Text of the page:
By Samantha Pudelski, American Red Cross Volunteer
October 25, 2019- Did you know that if a fire starts in your home, you might have as little as two minutes to escape? Something as simple as a smoke alarm can alert those inside of a fire in its early stages, providing critical time to vacate the home and call for help. Unfortunately, there are many who don’t have working smoke alarms, or don’t have enough devices within their home.
One American Red Cross volunteer, Barbara Buchwalter, experienced first-hand how powerful a simple device like a smoke alarm can be.
“I was given a business card at a senior event,” said Barbara. “We knew we didn’t have enough smoke alarms for the size of our home. A fireman came and installed several alarms. Within the same week, our stove caught fire and the smoke alarm went off. The fireman that installed the alarms also responded to the fire that afternoon. I believe my husband and I were saved, because we had our old alarms replaced.”
Lieutenant Joe Kiefer was the Wooster firefighter who provided the services that saved the lives of Barbara and her husband. He said that the smoke alarm not only saved lives that day, but it minimized the damage the fire caused. With the fast actions of the homeowners, Joe and his fellow firefighters were able to quickly respond and put out the fire before it spread to other areas of the home.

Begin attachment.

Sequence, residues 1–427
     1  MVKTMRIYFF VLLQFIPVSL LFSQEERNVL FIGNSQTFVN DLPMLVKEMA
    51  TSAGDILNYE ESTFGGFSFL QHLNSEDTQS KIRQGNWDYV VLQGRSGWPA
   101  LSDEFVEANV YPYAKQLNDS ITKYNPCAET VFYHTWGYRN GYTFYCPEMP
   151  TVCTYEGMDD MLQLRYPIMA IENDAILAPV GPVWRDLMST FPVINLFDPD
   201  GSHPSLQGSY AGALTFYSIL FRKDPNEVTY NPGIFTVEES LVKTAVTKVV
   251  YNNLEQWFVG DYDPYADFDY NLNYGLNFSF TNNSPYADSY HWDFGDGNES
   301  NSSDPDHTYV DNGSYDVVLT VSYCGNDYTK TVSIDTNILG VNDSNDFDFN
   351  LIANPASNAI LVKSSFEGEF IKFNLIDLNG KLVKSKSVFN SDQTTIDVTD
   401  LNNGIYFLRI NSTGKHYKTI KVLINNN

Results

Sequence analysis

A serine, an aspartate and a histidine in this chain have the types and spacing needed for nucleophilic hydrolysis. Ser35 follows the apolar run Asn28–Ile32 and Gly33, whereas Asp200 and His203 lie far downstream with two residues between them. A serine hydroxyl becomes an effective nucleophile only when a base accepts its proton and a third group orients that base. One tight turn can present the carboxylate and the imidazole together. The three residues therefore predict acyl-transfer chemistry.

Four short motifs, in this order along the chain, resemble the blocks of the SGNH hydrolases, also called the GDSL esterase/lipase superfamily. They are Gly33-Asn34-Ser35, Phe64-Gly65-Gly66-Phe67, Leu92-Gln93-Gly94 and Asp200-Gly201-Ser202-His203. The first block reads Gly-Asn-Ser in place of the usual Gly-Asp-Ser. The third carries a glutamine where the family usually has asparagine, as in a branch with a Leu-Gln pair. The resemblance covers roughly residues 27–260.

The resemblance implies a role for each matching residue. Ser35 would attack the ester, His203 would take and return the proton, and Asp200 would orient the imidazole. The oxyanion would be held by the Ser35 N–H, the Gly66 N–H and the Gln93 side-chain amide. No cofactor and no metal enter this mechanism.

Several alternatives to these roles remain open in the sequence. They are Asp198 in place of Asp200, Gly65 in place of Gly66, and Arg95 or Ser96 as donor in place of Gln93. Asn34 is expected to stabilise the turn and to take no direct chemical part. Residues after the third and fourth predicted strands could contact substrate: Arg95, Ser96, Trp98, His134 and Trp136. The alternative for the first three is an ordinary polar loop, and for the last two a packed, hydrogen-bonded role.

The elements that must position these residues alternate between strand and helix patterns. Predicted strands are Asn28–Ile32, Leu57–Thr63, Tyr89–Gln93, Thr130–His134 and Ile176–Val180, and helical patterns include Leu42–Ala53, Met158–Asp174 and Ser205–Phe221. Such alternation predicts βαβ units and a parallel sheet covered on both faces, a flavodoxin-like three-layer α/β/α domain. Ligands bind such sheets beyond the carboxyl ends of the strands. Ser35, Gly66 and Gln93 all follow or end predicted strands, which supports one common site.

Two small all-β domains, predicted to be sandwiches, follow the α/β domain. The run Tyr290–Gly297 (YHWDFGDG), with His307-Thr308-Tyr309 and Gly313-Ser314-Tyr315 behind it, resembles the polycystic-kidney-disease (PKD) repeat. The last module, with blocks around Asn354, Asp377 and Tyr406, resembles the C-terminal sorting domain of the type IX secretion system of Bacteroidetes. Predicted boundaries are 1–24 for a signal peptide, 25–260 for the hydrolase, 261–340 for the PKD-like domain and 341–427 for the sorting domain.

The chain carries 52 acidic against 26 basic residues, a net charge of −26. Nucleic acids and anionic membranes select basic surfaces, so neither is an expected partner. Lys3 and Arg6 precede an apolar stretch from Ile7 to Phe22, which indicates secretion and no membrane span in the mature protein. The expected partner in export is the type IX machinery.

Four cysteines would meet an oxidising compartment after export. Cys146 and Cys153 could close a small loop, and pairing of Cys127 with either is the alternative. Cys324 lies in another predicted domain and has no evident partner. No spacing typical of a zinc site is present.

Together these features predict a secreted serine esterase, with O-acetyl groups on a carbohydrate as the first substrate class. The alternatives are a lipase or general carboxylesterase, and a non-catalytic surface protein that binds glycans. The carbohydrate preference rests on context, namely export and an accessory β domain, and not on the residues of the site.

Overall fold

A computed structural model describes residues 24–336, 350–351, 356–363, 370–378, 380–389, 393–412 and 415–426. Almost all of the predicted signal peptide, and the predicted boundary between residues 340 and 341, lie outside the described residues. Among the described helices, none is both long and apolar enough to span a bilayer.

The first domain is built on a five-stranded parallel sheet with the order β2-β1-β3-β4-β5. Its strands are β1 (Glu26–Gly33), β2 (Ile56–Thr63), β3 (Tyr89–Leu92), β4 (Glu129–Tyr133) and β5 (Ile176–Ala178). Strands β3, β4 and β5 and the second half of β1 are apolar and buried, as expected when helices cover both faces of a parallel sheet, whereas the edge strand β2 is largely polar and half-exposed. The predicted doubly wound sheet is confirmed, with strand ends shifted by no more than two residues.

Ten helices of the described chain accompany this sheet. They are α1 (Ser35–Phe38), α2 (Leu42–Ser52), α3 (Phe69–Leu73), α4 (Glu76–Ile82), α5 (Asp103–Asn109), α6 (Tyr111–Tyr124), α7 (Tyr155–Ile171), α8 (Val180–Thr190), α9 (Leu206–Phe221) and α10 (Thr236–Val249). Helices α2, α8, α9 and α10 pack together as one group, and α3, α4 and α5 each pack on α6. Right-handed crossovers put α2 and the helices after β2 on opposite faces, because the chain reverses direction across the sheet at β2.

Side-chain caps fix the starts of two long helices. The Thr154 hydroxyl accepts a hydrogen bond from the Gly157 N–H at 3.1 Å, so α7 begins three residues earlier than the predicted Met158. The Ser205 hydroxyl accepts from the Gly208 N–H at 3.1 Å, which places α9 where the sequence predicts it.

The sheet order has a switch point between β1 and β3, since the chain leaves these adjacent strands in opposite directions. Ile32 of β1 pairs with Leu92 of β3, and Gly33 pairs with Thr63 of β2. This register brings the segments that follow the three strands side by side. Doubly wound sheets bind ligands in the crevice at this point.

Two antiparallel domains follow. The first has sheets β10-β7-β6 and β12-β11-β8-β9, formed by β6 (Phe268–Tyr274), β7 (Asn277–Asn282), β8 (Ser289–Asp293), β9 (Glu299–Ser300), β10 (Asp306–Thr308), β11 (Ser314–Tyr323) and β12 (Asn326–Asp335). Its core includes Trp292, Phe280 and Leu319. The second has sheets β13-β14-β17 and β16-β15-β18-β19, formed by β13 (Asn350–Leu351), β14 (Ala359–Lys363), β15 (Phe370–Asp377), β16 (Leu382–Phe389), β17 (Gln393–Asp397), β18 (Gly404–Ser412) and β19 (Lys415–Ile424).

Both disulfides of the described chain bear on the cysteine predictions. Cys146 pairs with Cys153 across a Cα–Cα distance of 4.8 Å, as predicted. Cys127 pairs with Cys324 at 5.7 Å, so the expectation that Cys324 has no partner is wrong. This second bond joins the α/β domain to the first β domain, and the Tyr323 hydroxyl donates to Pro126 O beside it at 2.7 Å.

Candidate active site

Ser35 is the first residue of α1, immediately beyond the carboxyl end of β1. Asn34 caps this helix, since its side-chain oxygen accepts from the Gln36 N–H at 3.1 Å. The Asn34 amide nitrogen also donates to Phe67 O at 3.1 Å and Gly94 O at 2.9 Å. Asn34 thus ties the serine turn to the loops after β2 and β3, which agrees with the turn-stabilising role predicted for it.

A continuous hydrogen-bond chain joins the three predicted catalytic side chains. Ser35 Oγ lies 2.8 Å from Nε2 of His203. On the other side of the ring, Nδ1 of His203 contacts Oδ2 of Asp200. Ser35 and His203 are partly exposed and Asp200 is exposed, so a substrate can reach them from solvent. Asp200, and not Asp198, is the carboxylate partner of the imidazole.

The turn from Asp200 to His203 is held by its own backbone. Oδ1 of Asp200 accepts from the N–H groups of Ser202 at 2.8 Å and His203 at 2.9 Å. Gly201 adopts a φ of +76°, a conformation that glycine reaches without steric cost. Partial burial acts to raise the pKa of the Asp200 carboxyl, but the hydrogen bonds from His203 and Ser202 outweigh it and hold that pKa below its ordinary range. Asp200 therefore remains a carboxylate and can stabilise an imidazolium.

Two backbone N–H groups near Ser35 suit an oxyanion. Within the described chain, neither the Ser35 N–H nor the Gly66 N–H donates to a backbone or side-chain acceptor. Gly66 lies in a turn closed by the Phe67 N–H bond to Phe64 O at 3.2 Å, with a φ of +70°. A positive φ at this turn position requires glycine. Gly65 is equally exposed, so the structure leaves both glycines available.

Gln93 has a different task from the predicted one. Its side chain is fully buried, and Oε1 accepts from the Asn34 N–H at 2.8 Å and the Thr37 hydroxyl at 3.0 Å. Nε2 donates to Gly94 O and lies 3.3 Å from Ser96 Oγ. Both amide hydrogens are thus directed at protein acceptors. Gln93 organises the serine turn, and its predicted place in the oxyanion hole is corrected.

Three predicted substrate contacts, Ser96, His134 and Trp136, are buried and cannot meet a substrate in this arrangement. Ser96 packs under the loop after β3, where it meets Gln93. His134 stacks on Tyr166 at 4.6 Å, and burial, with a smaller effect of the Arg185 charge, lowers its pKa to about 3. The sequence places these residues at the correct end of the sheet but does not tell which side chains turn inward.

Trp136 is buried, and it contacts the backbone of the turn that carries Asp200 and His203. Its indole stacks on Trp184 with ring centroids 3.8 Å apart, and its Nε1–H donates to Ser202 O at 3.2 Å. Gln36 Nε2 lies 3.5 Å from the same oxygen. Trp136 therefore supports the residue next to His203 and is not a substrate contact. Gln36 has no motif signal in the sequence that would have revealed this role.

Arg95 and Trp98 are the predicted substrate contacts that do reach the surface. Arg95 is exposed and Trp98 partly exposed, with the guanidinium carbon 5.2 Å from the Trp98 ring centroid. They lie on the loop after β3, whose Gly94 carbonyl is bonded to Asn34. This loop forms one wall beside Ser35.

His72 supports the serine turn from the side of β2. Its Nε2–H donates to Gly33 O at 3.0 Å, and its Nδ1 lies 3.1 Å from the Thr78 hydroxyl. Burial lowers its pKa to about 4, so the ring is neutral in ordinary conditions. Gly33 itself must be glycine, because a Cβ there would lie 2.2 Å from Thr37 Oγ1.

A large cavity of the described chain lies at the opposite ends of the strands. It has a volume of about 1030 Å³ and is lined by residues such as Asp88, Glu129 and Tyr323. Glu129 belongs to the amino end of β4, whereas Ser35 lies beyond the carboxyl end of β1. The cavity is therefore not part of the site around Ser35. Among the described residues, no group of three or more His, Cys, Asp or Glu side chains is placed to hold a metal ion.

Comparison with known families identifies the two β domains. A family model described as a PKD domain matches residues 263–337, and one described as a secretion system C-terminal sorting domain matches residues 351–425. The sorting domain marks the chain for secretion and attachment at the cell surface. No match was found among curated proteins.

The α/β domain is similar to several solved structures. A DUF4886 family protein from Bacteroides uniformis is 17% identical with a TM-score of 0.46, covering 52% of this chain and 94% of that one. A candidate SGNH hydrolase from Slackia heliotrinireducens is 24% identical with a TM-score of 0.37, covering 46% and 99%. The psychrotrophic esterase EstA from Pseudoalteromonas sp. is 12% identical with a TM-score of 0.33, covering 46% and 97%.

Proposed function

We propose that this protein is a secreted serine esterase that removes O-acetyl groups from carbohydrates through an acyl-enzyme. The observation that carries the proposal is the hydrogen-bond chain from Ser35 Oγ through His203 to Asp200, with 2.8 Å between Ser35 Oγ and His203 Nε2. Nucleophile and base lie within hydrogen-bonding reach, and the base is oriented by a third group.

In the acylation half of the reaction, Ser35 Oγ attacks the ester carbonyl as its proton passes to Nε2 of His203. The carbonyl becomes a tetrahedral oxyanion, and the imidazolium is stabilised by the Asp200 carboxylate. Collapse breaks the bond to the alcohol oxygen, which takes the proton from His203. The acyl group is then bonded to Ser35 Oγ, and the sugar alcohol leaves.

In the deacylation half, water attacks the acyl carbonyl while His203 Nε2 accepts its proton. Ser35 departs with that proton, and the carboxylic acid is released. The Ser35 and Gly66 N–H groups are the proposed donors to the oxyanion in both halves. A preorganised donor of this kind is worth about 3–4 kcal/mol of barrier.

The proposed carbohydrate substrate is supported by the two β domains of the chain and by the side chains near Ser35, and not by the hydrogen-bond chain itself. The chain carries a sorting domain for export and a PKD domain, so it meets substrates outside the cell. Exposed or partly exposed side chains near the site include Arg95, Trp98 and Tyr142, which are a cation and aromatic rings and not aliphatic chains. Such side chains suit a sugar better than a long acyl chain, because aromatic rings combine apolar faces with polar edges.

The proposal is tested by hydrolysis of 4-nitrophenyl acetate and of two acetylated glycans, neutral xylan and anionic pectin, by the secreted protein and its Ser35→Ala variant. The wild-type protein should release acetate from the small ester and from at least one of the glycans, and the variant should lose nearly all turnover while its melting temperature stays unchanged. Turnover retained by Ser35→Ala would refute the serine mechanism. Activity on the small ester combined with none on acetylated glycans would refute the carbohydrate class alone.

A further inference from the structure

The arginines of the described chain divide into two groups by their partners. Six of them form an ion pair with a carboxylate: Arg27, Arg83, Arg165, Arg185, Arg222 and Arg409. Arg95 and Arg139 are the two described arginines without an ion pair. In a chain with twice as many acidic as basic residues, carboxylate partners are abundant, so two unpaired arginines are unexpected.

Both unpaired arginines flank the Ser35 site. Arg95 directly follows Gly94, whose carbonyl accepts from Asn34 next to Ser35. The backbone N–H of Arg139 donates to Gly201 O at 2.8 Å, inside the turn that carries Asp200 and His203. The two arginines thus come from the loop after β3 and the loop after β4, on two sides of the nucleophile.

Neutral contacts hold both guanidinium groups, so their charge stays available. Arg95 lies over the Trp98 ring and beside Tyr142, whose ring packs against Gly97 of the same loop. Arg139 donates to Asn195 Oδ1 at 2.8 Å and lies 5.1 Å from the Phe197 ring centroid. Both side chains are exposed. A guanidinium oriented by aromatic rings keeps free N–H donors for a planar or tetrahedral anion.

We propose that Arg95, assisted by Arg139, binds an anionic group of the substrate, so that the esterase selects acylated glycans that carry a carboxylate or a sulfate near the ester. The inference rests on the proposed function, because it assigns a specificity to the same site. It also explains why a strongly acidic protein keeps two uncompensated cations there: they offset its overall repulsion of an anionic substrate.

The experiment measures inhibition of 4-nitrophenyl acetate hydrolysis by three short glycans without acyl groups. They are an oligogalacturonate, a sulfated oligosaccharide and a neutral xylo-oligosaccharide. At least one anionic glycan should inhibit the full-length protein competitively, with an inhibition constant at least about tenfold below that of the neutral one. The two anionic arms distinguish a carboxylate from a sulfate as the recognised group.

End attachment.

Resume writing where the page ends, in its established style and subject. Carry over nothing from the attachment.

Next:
The Buchwalters are among the 642 people whose lives have been saved after smoke alarms installed by the Red Cross and its partners alerted them to the danger in their homes. In Northeast Ohio, the Red Cross and its partners have installed over 42,000 smoke alarms through its Home Fire Campaign.
Smoke alarm installations are available to any community member through their local chapter of the Red Cross. Many fire departments, like the Wooster Fire Department partner with the Red Cross to install smoke alarms the Red Cross provides. Fifteen to 30 minutes is all it takes to install smoke alarms in a home. Joe said that it also provides the firefighters an opportunity to answer any questions the homeowners may have, and to point out any potential fire hazards within the home.
“It’s a great way to get [firefighters] face-to-face with their community members,” Joe said.
“It’s a simple thing people can do—there’s no reason not to have smoke alarms,” according to Joe. To learn more about how you can prepare your home in case of a fire, visit the Red Cross Home Fire Safety page.
Edited by Glenda Bogar, American Red Cross volunteer